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Kendall Curlee

ZIEGLER, SAMUEL PETERS (1882–1967). Samuel Ziegler, painter, printmaker, musician, and educator, was born in Lancaster, Pennsylvania, on January 4, 1882, the son of Christian and Mary R. (Peters) Ziegler. Ziegler worked as a hotel clerk to finance his education at the Philadelphia Musical Academy and the Pennsylvania Academy of Fine Arts. He studied under William Merritt Chase, Hugh Breckenridge, and Thomas Anshutz at the Academy of Fine Arts and in 1912 won a Cresson European Traveling Scholarship that funded six months of travel to art centers in England, France, Belgium, Holland, Germany, and Italy. He returned in 1913 for a final year of study at the PAFA and subsequently operated a private studio. While living in Pennsylvania Ziegler married Cora Amanda Kresge; they had four sons and one daughter and raised a foster daughter.

In 1917 Ziegler accepted a position on the fine arts faculty at Texas Christian University. There he taught cello and music theory until 1919, when he became head of the art department at Texas Women's College (later Texas Wesleyan College) in Fort Worth; in 1925 he returned to TCU as head of the art department, a position he held until 1953. During his years at TCU Ziegler became known for his paintings and prints featuring Fort Worth and neighboring ranches and oilfields. He made a series of lithographs depicting Fort Worth's growth and development over a period of years; he also completed a series of paintings, etchings, and crayon drawings of the petroleum industry in the Southwest.

Ziegler's talent began to be recognized in the middle to late 1920s, when he won a series of prizes in competitive exhibitions. He won first prizes in portrait and figure painting at the West Texas Exposition in San Angelo (1924–26), the Bailey Gold Medal at the State Fair of Texas in Dallas (1924), first prize in still life at the Texas Art League exhibition in Nashville, Tennessee (1927), and first prize in lithography, Southern States Art League Exhibition (1929). The Museum of Fine Arts, Houston, mounted a solo exhibition of his work in 1931, which was followed by another solo exhibition in the Elisabet Ney Museum in Austin. In 1933 etchings by Ziegler depicting Texas landscapes, industries, and night views of Fort Worth skyscrapers were sent on request to colleges in Missouri, Illinois, and Wisconsin. The following year he painted a mural for the public schools of Fort Worth, The Development of Aviation, in which members of his family represented the stages of development towards aviation.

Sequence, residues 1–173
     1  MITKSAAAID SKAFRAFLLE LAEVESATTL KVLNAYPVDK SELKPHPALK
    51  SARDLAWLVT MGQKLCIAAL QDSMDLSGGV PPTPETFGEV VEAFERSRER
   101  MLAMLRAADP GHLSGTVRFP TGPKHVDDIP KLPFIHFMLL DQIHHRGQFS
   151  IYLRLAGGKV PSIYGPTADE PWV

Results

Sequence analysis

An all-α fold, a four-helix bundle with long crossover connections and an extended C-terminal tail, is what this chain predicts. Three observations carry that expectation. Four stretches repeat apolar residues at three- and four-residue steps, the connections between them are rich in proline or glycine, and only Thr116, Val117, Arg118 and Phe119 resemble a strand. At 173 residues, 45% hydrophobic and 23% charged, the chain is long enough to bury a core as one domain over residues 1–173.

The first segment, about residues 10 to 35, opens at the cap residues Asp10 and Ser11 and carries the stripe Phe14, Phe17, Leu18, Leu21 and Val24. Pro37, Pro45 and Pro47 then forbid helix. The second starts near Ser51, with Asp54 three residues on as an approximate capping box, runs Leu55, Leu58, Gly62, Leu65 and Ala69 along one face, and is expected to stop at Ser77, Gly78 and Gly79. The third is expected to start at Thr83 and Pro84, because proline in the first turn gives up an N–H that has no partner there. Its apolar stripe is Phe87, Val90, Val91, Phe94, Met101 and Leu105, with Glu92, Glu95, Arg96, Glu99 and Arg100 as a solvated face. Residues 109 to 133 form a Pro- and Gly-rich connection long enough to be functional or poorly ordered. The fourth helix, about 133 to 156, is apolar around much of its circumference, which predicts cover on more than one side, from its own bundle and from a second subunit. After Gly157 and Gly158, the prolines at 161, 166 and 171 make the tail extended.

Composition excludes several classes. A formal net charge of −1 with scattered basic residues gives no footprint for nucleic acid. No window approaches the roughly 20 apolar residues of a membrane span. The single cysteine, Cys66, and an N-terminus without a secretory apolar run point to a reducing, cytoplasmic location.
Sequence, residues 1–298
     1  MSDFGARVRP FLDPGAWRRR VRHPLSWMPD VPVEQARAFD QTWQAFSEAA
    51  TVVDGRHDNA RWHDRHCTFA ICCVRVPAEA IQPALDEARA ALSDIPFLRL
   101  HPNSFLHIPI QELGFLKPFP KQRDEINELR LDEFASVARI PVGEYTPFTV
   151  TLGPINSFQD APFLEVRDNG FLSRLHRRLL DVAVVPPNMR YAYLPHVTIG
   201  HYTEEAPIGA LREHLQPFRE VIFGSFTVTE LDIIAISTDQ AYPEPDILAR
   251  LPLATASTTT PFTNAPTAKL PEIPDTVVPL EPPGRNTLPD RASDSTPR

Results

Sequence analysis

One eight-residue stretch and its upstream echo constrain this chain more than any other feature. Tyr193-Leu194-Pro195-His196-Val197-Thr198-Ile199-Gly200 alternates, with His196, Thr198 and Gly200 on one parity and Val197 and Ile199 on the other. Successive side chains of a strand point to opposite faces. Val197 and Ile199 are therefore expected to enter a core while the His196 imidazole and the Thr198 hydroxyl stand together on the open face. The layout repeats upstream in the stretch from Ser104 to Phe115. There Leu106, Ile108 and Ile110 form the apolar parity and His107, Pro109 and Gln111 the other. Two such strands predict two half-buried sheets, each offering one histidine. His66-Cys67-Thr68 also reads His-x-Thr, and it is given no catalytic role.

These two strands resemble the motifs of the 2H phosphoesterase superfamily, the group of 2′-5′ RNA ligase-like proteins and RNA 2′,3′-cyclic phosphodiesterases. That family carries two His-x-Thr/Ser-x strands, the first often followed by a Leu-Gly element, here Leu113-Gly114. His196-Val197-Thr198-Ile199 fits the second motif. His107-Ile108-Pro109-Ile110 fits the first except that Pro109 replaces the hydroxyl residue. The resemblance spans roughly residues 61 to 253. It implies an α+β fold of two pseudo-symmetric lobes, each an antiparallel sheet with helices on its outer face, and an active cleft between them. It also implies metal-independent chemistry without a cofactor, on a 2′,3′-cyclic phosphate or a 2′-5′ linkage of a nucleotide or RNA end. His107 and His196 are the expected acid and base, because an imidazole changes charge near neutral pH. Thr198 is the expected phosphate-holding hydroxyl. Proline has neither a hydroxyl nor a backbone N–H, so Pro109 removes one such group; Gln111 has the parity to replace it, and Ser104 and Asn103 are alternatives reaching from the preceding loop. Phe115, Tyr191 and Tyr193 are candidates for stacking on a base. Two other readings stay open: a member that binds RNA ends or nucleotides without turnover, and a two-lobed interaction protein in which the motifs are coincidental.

Ziegler was a member of the American Federation of Arts, the American Artists Professional League, the Southern States Art League, the Texas Fine Arts Association, and the Fort Worth Art Association. From 1925 to 1938 he served on the Fort Worth City Art Commission. He also played cello in the Fort Worth Symphony Orchestra, and the Pro Arte String Quartet.

Ziegler earned two degrees at Texas Christian University--a bachelor of arts (1924), and a master of education (1951). He retired as professor emeritus in 1953 and died on April 7, 1967. Samuel Ziegler's work is represented in the collections of the Modern Art Museum of Fort Worth, the Carnegie Library in Fort Worth, and Texas Christian University.


Barker, Scott Grant, Samuel P. Ziegler and Fort Worth: Drawings and Prints, 1919–1939, presented by Collectors of Fort Worth Art (Fort Worth: Collectors of Fort Worth Art, 2004). Peter Hastings Falk, ed., Who Was Who in American Art (Madison, Connecticut: Sound View, 1985). Frances Battaile Fisk, A History of Texas Artists and Sculptors (Abilene, Texas, 1928; facsimile rpt., Austin: Morrison, 1986). Fort Worth Star-Telegram, April 8, 1967. Peggy and Harold Samuels, The Illustrated Biographical Encyclopedia of Artists of the American West (Garden City, New York: Doubleday, 1976). Texas Outlook, March 1937.

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The following, adapted from the Chicago Manual of Style, 15th edition, is the preferred citation for this article.

Handbook of Texas Online, Kendall Curlee, "ZIEGLER, SAMUEL PETERS," accessed June 02, 2020, http://www.tshaonline.org/handbook/online/articles/fzi03.

Uploaded on June 15, 2010. Modified on June 27, 2012. Published by the Texas State Historical Association.
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